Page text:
Tuesday, August 5, 2014

Dana Gioia - An Impressive Guy Part II

For centuries, if you drew a Venn diagram, one circle with Fine Art and another circle with Roman Catholic Art there would be very little found in just one circle. Come the Renaissance and the Reformation the circles began to separate. Still, a majority of the work in the Fine Arts circle (music, paintings, sculpture, literature, etc.) had religious or Biblical themes.
Things have changed, according to Dana Gioia in his essay, "The Catholic Writer Today" (published in the December 2013 issue of First Things and as a pamphlet published by Wiseblood Books.) He writes, "If one asked an arts journalist to identify a major living painter or sculptor, playwright or choreographer, composer or poet, who was a practicing Catholic, the critic, I suspect, would be unable to offer a single name."

Gioia notes that there are a couple of Catholic writers in the literary world that have respect, Ron Hansen and Alice McDermott for example, but even then there are many more writers that mock or attack organized religion than those that practice or even tolerate it. Fifty or sixty years ago this was not the case when Flannery O'Connor, Katherine Anne Porter, Walker Percy, J. F. Powers and many other Catholic and Catholic influenced writers dominated the literary scene. Some of the great genre writers of the time, Anthony Boucher, Donald Westlake and Walter Miller were also Catholics.

Gioia writes, "Sixty years ago it was taken for granted that a significant portion of American writers were Catholics who balanced their dual identities as writers and believers. These writers published in the mainstream journals and presses of the time...Catholic authors were reviewed and discussed in the general press."

But things have changed. Gioia writes, "Today the cultural establishment views faithful Catholics with suspicion, distain or condescension...Anti-Catholicism has also been common among the intelligentsia...As the British novelist Hilary Mantel recently declared, 'Nowadays the Catholic Church is not an institution for respectable people.'"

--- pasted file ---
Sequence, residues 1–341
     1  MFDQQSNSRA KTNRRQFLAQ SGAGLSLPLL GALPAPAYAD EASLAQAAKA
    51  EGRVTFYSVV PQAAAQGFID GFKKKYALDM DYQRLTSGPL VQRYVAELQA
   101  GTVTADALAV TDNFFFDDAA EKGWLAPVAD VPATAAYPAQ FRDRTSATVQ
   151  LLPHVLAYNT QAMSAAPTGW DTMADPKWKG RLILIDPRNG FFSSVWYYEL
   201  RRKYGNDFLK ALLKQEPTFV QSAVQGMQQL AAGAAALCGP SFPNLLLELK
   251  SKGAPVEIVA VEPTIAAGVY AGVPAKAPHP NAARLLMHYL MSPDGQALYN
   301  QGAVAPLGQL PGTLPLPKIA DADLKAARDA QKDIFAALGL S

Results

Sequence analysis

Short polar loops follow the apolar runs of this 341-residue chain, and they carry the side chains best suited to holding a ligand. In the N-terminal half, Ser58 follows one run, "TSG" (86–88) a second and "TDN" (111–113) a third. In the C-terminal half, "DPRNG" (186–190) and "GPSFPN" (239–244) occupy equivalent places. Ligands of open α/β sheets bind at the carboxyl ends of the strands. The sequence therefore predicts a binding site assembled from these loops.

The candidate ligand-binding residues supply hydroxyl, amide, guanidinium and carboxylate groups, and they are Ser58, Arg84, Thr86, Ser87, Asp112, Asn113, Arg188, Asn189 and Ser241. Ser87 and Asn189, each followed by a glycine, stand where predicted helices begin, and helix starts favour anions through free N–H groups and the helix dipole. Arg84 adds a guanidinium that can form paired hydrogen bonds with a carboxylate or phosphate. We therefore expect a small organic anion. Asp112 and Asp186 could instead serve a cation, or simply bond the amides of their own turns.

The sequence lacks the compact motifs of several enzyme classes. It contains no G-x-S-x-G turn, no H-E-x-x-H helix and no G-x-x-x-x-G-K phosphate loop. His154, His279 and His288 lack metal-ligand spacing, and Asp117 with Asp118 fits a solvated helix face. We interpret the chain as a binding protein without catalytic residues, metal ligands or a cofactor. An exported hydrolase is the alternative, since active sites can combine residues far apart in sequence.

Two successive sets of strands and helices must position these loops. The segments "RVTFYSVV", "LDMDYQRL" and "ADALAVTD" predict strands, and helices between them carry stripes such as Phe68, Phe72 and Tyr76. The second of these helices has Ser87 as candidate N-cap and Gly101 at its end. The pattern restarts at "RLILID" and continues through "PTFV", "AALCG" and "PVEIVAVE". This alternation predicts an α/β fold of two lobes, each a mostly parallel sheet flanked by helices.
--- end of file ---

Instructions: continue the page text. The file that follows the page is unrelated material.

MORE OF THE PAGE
Gioia argues that the lack of a Catholic (and perhaps even a Christian) voice in literature (and all the fine arts) diminishes the world of art and the intellect. For without it, there is not the dialectic debate of the issues that really matter. Sin, grace, faith, eternity, even love, have unique, long standing meanings in the Catholic understanding of things and have provided some of the great themes of literature. Great literature has come from expounding on these themes from a traditional view and great literature has come from those reacting against them. But without these themes, the world of literature and art is much poorer.

So much of literature today is existential whining because there is no acknowledgement of anything beyond our day to day joys and woes.

Gioia argues the literary world which claims to love diversity doesn't even admit the loss of a Catholic voice, though Catholics are a quarter of the American population. Sadly, he also argues, the Catholic Church itself doesn't seem bothered by this situation either; content to live in a parallel world of art. Church music, writing and other art can exist outside of the mainstream of the art world.

I'm a writer of children's books and my Christian publisher distributes books through Christian bookstores and the internet. They have made a conscious decision to not seek to put their books in secular bookstores in order to keep good relationships with those Christian bookstores. We live in a world with greatly segregated choices. One could read nothing but books from Christian publishers, listen to nothing but Christian radio and even watch Christian film and TV exclusively. Except for certain exceptional breakthroughs, there is a world of Christian art, popular art and fine art; and these worlds all occupy their own Venn Diagram circles, rarely touching.

Gioia doesn't expect a renewal of Catholic arts to take place through the efforts of the Church and certainly not through the efforts of the fine arts community. He writes, "The renewal of Catholic literature - or fail to happen - through the efforts of writers."

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